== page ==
Tuesday, October 6, 2009

Teachers Donate Money & Food

Wow!  Thank you so much!

Over 60 cans of food were donated by MDUSD teachers at October's Mt. Diablo Education Association (MDEA) meeting.  In addition, a teacher donated $50.  All food and monetary donations go directly to the Food Bank of Contra Costa and Solano County.

At September's Mt. Diablo Education Association (MDEA) meeting, teacher representatives from every school in the district voted to make monthly donations of non-perishable food items to the Food Bank of Contra Costa and Solano County.  Often times canned food drives are focused around the holidays.  However, hunger happens all year long.  By donating food, teachers can have a positive impact on the community.

Mrs. Linda Ortega, a teacher at El Monte Elementary and a delegate on the MDEA Executive Board had a transformative experience in July, 2009.  While attending the National Representative Assembly for the National Education Association, Linda was inspired by stories of educators who had had monumental positive impacts in their communities.  Often times, these educator's contributions started out in small ways, such as volunteering time at a local food bank, or mentoring families.  Over the years, those small contributions outside of the classroom translated into big changes that have had a positive affect on thousands of lives.

A teacher has a public, influential position in the community.  So how, Linda wondered, could she and other teachers in the Mt. Diablo district use that influence to have the same kind of positive impact as other educators around the country?  One way is through donating food and money to a local food bank year round, not just during the holidays.

Every month, teachers are to give donations to the site rep to bring to the MDEA representative assembly (the 1st Monday of every month).  This October, teachers donated over 60 cans, and $50.  We are shooting for double that amount for the November meeting.  Our theme for November is SOUP, however any non-perishable, non-expired food items are welcome!

If there are too many items to transport to the MDEA meeting, call MDEA and we will figure out a way to pick up the items.

Click the link to learn more information on the Food Bank and make a monetary donation.

Tuesday, June 9, 2009

Abuse of the Teachers

The district has informed teachers at Oak Grove Middle School that they will provide an additional two and a half hours of instruction every week next year with no additional pay. They are being ordered to provide more instructional time than teachers at any other middle school, more than than they spent this year, and more time than required by the contract. This additional instructional time has been imposed on top of the excessive amount of time required for meetings, reports, and observations that are demanded at a much higher level from Oak Grove teachers than at any other middle school.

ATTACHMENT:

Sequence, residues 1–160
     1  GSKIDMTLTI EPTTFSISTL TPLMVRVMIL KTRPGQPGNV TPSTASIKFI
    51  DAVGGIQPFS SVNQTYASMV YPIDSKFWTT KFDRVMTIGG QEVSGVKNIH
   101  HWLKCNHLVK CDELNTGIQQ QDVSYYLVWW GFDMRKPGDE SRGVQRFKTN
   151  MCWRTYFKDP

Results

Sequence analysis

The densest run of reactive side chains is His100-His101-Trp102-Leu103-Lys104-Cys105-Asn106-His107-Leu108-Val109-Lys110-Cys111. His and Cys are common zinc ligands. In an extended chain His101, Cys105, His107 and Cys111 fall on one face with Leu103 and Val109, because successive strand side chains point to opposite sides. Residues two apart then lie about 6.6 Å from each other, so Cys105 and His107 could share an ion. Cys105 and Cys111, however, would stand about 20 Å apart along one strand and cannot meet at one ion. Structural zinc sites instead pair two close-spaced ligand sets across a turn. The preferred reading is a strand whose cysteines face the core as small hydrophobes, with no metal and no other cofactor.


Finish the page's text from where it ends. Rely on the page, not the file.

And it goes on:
We cannot stand by and allow this abuse to happen. Does anyone have any ideas about how we can support our colleagues at Oak Grove?

Wednesday, June 3, 2009

The Beginning of Class Size Swellling

Last night, the School Board reacted to massive State Budget Cuts by agreeing to increase class size in grades 1 - 3 to 30 students. There are about a million reasons why this is a bad idea and about a million bad things that will happen as a result. One fact, however, is most important: they had no choice.

Education funding decisions in California are made by three or four people who probably have not seen in the inside of a public school classroom in their entire lives. The system is broken and we need to be part of the solution. Please:

Tell everyone you talk with - and call people you haven't talked with in a long time. Tell them:

We need a return to democracy: All budgetary and revenue matters should be decided by a majority.

We need to end the 2/3 vote requirement.

We need to make sure that every person and every corporation is paying their fair share of the state budget.

We need to make sure the state budget process is not manipulated, but is clear and fair.

We need a Democratic governor.

We need community member who understand the bigger picture - how the state governement works, how the election process works, how education works, and what the results could be if every child really received a free and appropriate education.

Please educate adults about why children are important - every chance you get!